Kissed by someone with HIV — Infected?
Although this may sound like a really silly question coming from a graduate student, it's something I need to find out. A couple of weeks ago I was at a party. A "gay" friend of mine came over to me and kissed me near my mouth. As it turns out, this person was recently diagnosed as having the AIDS virus. Now, I am completely paranoid. I am a monogamous, as well as an incredibly responsible individual. Please let me know if I need to be "tested," or if I am worrying in vain. I hope you take the time to answer this question, because I am sure there are plenty of people who share the same concern.
Is it the Kiss of Death?
Dear Is it the Kiss of Death?,
Based on the type of contact you've described, your friend's show of affection is nothing to worry about, nor do you need to get tested for HIV. Think about how rampant the virus would be if it could be transmitted by kissing, sharing glasses, utensils, or toothbrushes. It takes an infected person's bodily fluids (not including saliva or sweat) to make contact with your mucous membranes to potentially transmit HIV (the virus that causes AIDS). No cases of HIV transmitted by closed-mouth kissing alone have been reported. It's good to note that the reason a peck on the cheek doesn't really pose a risk is because the concentration of HIV in saliva is far too low (one caveat: very rarely has open-mouth or "French" kissing been successful in the transmission of the virus — which is believed to be due to contact with infected blood from cuts in the mouth, not saliva).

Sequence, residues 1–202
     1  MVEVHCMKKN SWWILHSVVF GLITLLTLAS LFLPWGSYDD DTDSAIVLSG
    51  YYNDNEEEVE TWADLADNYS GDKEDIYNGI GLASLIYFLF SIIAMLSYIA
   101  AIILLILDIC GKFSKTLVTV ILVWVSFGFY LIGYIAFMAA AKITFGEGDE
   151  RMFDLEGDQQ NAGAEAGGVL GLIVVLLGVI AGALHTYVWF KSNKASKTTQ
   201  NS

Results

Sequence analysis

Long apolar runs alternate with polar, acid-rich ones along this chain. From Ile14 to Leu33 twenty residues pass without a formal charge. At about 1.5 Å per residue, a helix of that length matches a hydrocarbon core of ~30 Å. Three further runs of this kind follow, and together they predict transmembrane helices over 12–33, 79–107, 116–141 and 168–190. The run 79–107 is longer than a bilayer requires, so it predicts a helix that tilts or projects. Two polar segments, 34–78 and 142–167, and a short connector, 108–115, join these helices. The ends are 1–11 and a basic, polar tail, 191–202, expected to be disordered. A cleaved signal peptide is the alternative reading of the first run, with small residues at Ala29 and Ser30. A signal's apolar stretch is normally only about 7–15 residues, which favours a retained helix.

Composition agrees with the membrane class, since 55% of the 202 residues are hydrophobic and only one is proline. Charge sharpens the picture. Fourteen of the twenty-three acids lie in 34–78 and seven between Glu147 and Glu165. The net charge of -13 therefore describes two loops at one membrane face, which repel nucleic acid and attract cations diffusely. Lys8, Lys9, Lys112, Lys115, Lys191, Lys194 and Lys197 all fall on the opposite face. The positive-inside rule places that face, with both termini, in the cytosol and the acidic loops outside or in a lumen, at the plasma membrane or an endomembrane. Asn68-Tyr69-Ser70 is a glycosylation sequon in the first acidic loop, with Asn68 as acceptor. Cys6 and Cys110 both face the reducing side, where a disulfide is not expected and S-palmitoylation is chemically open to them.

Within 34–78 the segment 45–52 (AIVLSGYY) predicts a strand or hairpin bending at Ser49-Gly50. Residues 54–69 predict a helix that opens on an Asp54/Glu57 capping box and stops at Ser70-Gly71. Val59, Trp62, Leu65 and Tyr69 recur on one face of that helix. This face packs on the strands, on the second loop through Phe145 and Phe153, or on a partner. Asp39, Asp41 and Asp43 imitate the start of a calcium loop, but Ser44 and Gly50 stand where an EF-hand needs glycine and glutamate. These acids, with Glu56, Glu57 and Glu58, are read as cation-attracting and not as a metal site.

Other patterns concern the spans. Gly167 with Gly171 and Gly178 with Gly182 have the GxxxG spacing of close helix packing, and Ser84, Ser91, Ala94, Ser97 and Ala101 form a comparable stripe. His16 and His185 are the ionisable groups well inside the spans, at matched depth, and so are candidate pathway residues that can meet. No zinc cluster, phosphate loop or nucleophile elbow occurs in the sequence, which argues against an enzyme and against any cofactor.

Here are the ONLY ways you can get HIV:
- By infected blood, semen, or vaginal or cervical secretions coming into contact with mucous membranes or an open wound
- Injection of infected blood or blood products (i.e., with shared needle)
- Transmission from infected mother to baby in the womb or via breastfeeding (from infected breast milk)
To learn more about the specifics of HIV transmission, read Routes of HIV transmission?
If you are practicing safer sex — vaginal, anal, and oral — and are not sharing needles, you're going a long way to protect yourself and your partner(s) from HIV transmission. Safer sex can include using barrier methods — such as condoms and dams — during sex, talking with your partner(s) about sexual experiences, getting tested if you think you've been exposed to a sexually transmitted infection (STI), and limiting the number of sexual partners you have.
If it's true that your friend has tested positive for HIV, s/he may need your friendship now more than ever. Don't worry, you can be a supportive friend, giving all the hugs and kisses you want, without contracting HIV.
Originally published Nov 01, 1993
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